The king said, "Wake me not, trouble me not. 
From my head to my feet, I am nothing but aches and 
pains. Were I to move I should die. I may as well 
die at the hands of the hpea." So saying he fell asleep 
again, and Ai did not dare to disturb him, but watched 
all night long. 

During the night Ai heard the hpea grumbling to 
himself several times and promising himself the pleasure 
of killing them on the morrow, so he pretended to be 
asleep so that he could hear what the hpea said and if 
possible thwart him. 

" These mortals have presumed to sleep under my 
tree," he heard him say, " but it shall be the last time 
they sleep anywhere. Let me see," he continued, 
" how shall I kill them ? Which will be the best way ? 
Ah, I know. Early to-morrow when they get ready to 
leave, I will break the tree in two, and the top shall 
fall on them. If, however, they escape, I will saw 


through the supports of the first bridge, so that it will 
break when they are in the middle, and they will fall 
to the bottom of the valley below. Then if that should 
fail, I will loosen the stones of the arch of the city gate 
so that it will fall on them as they pass underneath, 
and if that does not kill them, when the king arrives at 
his palace, and being thirsty with his long ride calls for 
water, I will change the water in the goblet to sharp 
needles that will stick in his throat and kill him. If 
he does not drink the water, however, he will assuredly 
be very tired and will go to sleep immediately, and I 
will send an immense rat into his room that will kill 
him without doubt." 

Having finished making his plans, the hpea left the 
tree and started the work of preparing the different 
traps for the mortals who had enraged his hpeaship by 
daring to sleep under the tree, and thus profane his 

The king was frightened half to death when he awoke 
next morning, and found that he had been sleeping all 
night under the tree of that special hpea; but Ai, or 
San Boo as the king called him, told him not to be 
frightened for he could save his life if the king would 
only follow his advice and do as he told him. 

The king promised to follow his words implicitly, and 
also promised him unheard-of rewards if he only helped 
him to get to his palace in safety. 

The first danger was the tree, and so Ai got their 
horses ready and under the pretense of allowing them 
to eat grass before setting out on their journey, he 


gradually worked them nearer and still nearer the 
edge of the tree, and then, with one bound, they, both 
galloped out from under it. At the same instant there 
was a great crash and the whole top of the tree fell to 
the ground. So near did it fall on them that the king's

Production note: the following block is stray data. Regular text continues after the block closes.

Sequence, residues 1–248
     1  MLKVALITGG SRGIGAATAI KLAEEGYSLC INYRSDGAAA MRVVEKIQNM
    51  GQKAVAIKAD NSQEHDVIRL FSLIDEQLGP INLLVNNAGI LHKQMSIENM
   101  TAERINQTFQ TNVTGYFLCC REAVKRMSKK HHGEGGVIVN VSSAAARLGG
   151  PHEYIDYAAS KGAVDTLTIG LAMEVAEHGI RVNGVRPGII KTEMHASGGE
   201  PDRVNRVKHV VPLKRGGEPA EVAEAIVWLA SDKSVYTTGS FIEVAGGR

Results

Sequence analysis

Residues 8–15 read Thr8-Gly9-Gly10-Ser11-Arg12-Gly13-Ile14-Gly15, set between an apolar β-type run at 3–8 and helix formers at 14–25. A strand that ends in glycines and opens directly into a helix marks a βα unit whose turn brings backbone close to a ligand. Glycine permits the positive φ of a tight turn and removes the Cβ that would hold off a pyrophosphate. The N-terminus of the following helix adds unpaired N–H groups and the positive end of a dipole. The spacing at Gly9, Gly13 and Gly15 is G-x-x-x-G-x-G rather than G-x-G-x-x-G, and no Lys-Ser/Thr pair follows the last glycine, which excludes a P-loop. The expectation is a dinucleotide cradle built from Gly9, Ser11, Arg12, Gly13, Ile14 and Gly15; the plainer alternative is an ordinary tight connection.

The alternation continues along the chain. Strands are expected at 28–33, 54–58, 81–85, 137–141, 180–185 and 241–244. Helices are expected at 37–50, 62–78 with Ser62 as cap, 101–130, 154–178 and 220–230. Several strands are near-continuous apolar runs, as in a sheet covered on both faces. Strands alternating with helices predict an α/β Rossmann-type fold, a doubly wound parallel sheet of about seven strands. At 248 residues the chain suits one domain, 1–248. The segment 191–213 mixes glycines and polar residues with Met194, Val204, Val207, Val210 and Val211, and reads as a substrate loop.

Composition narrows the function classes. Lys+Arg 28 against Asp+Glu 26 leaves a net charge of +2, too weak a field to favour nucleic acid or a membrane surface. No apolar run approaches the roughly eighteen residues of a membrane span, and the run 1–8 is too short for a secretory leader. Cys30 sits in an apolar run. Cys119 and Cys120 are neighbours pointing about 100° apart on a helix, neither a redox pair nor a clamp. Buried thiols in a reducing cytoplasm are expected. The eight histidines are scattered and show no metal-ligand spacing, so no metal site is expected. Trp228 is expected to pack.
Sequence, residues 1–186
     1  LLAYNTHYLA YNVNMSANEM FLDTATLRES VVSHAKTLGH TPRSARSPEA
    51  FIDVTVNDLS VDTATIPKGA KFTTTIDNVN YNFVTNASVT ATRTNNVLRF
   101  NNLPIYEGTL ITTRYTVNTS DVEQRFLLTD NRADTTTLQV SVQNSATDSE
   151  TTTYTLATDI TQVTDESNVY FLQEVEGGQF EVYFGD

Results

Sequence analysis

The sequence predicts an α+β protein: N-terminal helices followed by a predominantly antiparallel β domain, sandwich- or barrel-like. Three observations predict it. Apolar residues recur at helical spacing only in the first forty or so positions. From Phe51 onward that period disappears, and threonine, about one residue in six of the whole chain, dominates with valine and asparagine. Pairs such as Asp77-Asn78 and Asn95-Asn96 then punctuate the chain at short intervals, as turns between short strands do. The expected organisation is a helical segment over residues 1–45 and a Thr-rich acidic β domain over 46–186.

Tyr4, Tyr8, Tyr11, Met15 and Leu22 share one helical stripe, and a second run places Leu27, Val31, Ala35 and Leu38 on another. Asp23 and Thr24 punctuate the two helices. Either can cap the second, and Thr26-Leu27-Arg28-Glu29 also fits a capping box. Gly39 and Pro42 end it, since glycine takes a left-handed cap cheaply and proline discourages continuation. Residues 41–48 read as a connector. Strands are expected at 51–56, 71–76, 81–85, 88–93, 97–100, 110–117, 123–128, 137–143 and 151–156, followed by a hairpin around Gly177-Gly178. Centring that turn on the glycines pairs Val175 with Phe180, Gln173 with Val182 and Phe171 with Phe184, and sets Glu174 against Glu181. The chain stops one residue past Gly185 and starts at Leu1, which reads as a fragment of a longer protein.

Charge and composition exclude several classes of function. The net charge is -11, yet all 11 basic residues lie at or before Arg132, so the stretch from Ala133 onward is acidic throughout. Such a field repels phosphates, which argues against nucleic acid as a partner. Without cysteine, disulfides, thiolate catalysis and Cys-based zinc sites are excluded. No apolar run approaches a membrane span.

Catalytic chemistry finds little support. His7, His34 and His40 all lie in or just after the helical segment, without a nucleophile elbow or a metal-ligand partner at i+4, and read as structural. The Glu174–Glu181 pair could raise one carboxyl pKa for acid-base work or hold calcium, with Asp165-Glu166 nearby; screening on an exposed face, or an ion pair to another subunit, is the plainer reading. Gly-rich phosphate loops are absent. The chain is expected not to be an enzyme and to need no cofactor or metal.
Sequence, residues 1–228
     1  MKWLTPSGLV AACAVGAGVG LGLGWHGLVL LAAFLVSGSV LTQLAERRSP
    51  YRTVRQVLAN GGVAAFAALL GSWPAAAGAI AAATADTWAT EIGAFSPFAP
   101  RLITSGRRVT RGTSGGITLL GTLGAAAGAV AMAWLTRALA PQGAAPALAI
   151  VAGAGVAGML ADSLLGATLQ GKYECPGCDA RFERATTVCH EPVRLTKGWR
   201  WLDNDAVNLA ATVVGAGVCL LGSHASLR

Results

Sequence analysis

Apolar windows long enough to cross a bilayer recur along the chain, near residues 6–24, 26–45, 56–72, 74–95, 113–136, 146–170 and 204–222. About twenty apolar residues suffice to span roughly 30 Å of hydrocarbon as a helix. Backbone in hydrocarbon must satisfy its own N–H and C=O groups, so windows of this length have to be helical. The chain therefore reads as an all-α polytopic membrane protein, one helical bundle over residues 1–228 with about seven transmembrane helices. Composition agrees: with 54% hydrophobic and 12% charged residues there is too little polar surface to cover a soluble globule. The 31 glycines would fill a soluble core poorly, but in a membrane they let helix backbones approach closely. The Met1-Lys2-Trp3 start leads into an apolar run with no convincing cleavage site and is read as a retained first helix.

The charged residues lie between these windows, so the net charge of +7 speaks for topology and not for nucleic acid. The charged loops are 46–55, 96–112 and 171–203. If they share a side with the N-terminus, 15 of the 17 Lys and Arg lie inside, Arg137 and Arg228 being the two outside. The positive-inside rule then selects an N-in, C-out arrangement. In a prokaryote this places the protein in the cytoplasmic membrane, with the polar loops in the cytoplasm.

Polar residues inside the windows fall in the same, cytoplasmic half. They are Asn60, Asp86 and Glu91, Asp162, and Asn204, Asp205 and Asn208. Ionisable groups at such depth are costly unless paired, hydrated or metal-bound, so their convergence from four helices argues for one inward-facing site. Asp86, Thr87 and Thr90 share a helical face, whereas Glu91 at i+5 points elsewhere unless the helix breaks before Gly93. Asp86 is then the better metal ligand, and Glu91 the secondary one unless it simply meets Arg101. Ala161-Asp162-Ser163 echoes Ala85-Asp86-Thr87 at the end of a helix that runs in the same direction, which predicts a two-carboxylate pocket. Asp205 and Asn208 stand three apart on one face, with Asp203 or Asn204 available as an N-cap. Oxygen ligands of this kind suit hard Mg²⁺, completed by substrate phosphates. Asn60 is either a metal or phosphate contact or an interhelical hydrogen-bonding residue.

turban was torn from his head by one of the upper 
branches, but beyond this no harm was done. 

Next, instead of riding over the bridge, they went 
along the bank a little distance, and soon found a place 
where the link was narrow and leaped their horses to 
the other side. While they were jumping, Ai threw a 
heavy stone he had brought with him on to the bridge, 
and the hpea, who fortunately was near-sighted, think- 
ing it was the tread of the horses, broke it down, so 
that fell into the water fifty feet below, but the king 
and his follower were safe on the other side. 

The next danger was the city gate. They walked 
their ponies slowly as though they were very tired, till 
they came to within a cubit of the gate, and then gal- 
loped through at the top of their speed, and crash went 
the gateway behind them. They were covered with 
dust but not hurt. 

The king was very thankful to have arrived at his 
palace and being very thirsty with the journey and ex- 
citement, as the cunning hpea had expected, called for 
a drink of water, but ere he could place the cup to his 
lips his faithful follower turned it upside down, and 
instead of water, out fell a cupful of sharp needles, and 
again the king's life was saved. 

Worn out with his ride he told his servants to pre- 


pare his room as he would sleep. Ai called the chief 
guard and told him to have a lamp burning all night, 
to take his sharpest sword with him, and guard the 
king carefully. In the middle of the night when the 
tired king was sleeping soundly, into the room came 
creeping slowly, slowly, the biggest rat ever seen. It 
had long, sharp teeth and wicked glaring eyes, and made 
toward the king. But the guard, warned by Ai, was 
on the watch, and just as the rat was about to spring